Why Spike Lee was right about Django Unchained

Django UnchainedSpike Lee did the right thing in publicly taking issue with Django Unchained, the latest Quentin Tarantino movie about a freed African slave who embarks on a violent journey to save his wife.

The wife character, Broomhilda, played by Kerry Washington is monotonous to discuss for hers is a shockingly flat role. Her character serves the sole purpose of providing a backdrop in a fairy tale fantasy about an alpha male.

The main characters – Django, the German hero who frees Django, the slave owners and their house slave – are equally unrewarding to unpack firstly because, in order to make comedy out of enterprise of slavery, they are so strategically depoliticized. Secondly, they contribute so equivocally in depicting slave rebellion as a myth (when slaves most certainly rebelled) that even their fictional credibility seems farfetched.

The sub-text of Django Unchained is one which reflects US race culture at large, namely the misrepresentation of slavery as disconnected from the present day. After all, what better way to disengage from continued nuisances of racism, patriarchy and exploitation culturally than by offering a token black male superhero who exists in a vacuum and white characters that are so comical that no white American today could possibly relate to them.

Having watched the movie I felt nothing less than crushed, not by the story itself, as insensitive as it is, certainly not by the gleeful director, but by the general approval it has received from black audiences.

When we respect ourselves, we act and react in ways that are congruent with self-regard. We do not accept inappropriate depictions of ourselves because we admire ourselves as we are and not out of some delusional fantasy. We don’t accept ridiculing, condescending portrayals that reinforce negative views and that function as fodder for guilt-ridding aspirations of others under the banner of “light entertainment”.

And by the way, while the movie is not a documentary and thus has every right to practice invention, it is not quite a farce either with its references to black history facts such as Alexandre Dumas’s heritage.

There was a time when a black person in the American south could be killed simply for looking a white person in the eye, let alone by rebelling against him or her. Yet many did. I shudder at the thought of what these ancestors would make of a story that implies that they did not fight for their independence, what would the articulate and determined ancestresses make of seeing themselves portrayed as voiceless props.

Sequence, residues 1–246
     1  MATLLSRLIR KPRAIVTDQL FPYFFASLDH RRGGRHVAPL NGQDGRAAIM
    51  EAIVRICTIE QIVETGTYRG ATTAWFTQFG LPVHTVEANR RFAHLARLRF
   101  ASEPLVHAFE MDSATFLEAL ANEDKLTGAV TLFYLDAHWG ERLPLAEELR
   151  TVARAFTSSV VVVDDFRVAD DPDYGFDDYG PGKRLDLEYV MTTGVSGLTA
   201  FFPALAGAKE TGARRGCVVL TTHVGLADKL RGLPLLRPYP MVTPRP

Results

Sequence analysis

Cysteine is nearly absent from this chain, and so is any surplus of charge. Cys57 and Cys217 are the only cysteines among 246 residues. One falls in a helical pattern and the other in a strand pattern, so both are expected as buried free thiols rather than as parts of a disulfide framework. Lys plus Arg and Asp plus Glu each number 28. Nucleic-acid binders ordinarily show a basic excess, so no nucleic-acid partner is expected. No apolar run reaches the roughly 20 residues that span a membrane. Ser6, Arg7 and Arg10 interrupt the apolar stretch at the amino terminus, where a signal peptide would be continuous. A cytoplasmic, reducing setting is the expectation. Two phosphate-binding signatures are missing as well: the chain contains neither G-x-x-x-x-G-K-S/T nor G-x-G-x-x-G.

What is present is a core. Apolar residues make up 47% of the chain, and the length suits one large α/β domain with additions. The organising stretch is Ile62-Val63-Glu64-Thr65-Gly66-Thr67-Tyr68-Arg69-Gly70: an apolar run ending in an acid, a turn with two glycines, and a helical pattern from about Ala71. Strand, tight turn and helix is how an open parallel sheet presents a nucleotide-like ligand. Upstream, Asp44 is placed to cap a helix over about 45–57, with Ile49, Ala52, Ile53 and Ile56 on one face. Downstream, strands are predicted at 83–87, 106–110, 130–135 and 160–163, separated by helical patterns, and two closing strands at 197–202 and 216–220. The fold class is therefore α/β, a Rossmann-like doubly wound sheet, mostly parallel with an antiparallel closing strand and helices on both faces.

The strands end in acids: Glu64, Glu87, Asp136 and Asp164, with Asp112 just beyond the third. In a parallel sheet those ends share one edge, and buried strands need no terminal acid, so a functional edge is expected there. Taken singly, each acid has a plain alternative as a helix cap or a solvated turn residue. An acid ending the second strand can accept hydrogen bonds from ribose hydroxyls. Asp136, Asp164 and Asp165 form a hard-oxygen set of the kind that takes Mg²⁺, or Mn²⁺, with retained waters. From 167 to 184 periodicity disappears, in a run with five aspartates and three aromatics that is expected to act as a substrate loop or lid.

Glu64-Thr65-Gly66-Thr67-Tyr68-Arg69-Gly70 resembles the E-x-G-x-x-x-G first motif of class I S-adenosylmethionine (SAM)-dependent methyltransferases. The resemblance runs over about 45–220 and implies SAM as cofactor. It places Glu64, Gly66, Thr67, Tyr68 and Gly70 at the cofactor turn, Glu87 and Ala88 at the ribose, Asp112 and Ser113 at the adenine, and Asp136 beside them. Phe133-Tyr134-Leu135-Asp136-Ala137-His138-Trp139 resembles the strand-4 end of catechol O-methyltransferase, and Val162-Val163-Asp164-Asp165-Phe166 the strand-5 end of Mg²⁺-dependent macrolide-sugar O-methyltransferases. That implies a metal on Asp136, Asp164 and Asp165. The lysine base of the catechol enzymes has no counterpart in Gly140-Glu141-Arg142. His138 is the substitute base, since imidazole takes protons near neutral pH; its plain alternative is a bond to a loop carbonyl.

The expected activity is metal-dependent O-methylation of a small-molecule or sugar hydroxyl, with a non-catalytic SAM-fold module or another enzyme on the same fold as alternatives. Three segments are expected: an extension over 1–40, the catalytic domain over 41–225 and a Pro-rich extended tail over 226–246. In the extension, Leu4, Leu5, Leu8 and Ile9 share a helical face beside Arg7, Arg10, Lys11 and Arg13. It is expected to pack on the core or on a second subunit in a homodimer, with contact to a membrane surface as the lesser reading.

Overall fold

Django unchanined, for all its Tarantinoesque flair, ridicules the greatest tragedy in African history and I am grateful that Spike Lee took upon himself the thankless task of repudiating the slander.


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  • http://www.afropolitaine.blogspot.com afropolitaine

    This is a single story, not THE story of slavery. Understanding that might make it easier to either enjoy it or just choose not to watch it. There were ancestresses that were powerless and props just as much as there were other that weren’t. I don’t think Kerry Washington’s role is now supposedly representative of all women during slavery given the diversity of experiences people had even within the uniqueness of slavery. It is quite possibly AN experience, neither you, Kerry, Quentin nor I will ever know for sure, but with a stretch of the imagination it’s not impossible.

    • MsAfropolitan

      Hi Afropolitaine,
      Yes, it’s only one mythical invention of a female slave, but the back story of the Broomhila character is that she is in her own right rebellious and yet her role is anything but. My point is therefore that the agency of a rebellious female slave is reduced to a muted love interest, and despite understanding creative license, and nevertheless choosing to watch the film, that one particular story wasn’t entertaining to me.

      • dola

        “The back story of the Broomhila character is that she is in her own right rebellious and yet her role is anything but.”

        The first time Django sees her again is when she is in the “hotbox” for running away. Without Django. On her own.

  • http://blogs.warwick.ac.uk/toladepo Tee